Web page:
Preseason Periodization

Our Preseason Periodization Strategy

Posted by: Andrew Kewley | Director of Coaching

Preseason programming is an incredibly important piece of the Rapids Youth Soccer seasonal plan.  Each team or player within the club may have different objectives when it comes to preseason goals due to player age, ability, commitment level, and varied scheduling across the Competitive program. Our Directors of Coaching work hard to ensure that we continue to evolve and tailor our curriculum to meet the needs of the player first, and then the team. By focusing on Long Term Individual Player Development, the work of the collective team becomes much easier.

For the team, it is important to find the right balance of training sessions and games in this preseason period. In order to appropriately plan our programming, Rapids Youth Soccer uses a periodization program that focuses on the macrocycle, microcycle, and mesocycle of our teams and players.

When designing the program’s periodization calendar, Rapids Youth Soccer focuses on player age, ability, and commitment level to maximize the development of each athlete. One athlete training more than another athlete does not correlate to greater development. Especially if an athlete is a multi-sport athlete, pushing an extra session in the work week could hurt the player’s development. Physical and mental overuse can be serious and cause physical injury or burnout. In addition, the quality of the session and movement is key to development. These intricacies are important to consider any time you structure a training program’s macrocycle, microcycle, and mesocycle.

A macrocycle is a year-long view of the team or player’s body of work. When creating a macrocycle, a director is able to manage the preseason, in season, postseason (a period of training after the season with no games) and off season (no games or training sessions). As a club, we are working toward building programs that allow consistency to better match the needs of our players with a robust and well-planned training and game schedule. Directors may also look to add supplemental training and programming for players to fully meet their needs or desires.

The microcycle is a picture of the work a team or player will do in a short period of time. The microcycle is typically one week in duration and is the smallest functional unit of training in a periodization program. The amount of work will vary by the player’s age, team, program and period of the year. Again, age and competition weeks may affect the actual schedule but not the structure of the block of work. It is easy to change a microcycle as it is a small unit and can be more accurately tailored to the needs of a team or player.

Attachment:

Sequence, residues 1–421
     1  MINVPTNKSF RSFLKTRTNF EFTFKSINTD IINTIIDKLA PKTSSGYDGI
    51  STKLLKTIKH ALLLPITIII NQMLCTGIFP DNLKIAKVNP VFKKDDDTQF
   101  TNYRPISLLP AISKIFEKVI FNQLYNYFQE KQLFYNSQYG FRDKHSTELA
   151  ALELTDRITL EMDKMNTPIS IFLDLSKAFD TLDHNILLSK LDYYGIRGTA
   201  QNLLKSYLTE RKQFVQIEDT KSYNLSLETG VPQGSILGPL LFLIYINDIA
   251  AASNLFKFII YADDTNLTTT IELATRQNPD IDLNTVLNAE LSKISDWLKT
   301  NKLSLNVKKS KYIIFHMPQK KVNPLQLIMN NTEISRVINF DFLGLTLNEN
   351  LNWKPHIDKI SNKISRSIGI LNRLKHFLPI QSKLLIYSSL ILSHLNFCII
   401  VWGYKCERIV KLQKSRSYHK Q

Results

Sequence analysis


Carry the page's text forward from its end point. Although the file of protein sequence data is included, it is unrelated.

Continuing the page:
Finally, the mesocycle is a body of work that is a month in duration. In using this view, our directors can plan an athlete’s training and game ratios by reviewing performance values. Because the mesocycle is a larger body of work, coaches and directors can plan the intensity and physical/mental workloads of the sessions. If a team has a tournament where they play 4 or 5 games in a very short window of time, the microcycle structure can be temporarily changed to manage the workloads. The work week (microcycle) may also be altered to fit into the mesocycle. For example, if a team normally trains on Tuesday but they just had an event, the director or coach may alter the Tuesday session to be less intense. Rapids Youth Soccer sessions can be tailored to ensure the actions that are performed are recovery actions versus the actions that may take place in a normal training session.

Our program development is designed to maximize the athlete’s learning and performance potential.  It is important to understand how our strategy fits into the greater player development pathway and philosophy here at the club. The preseason periodization program with Rapids Youth Soccer is designed to prepare players through global training methods (exercises that combine all pillars of the game) to build a technical, tactical, and physiological base for our players. By building a good physiological base, an athlete will be able to increase their sport-specific strength, flexibility, and cardiovascular capacity, which will improve performance and help provide a greater level of protection against injuries. A good preseason is an opportunity for players to establish relationships with their team and build an understanding of player roles. As a result, teams more easily provide a complete roadmap for success as we enter into season programming.

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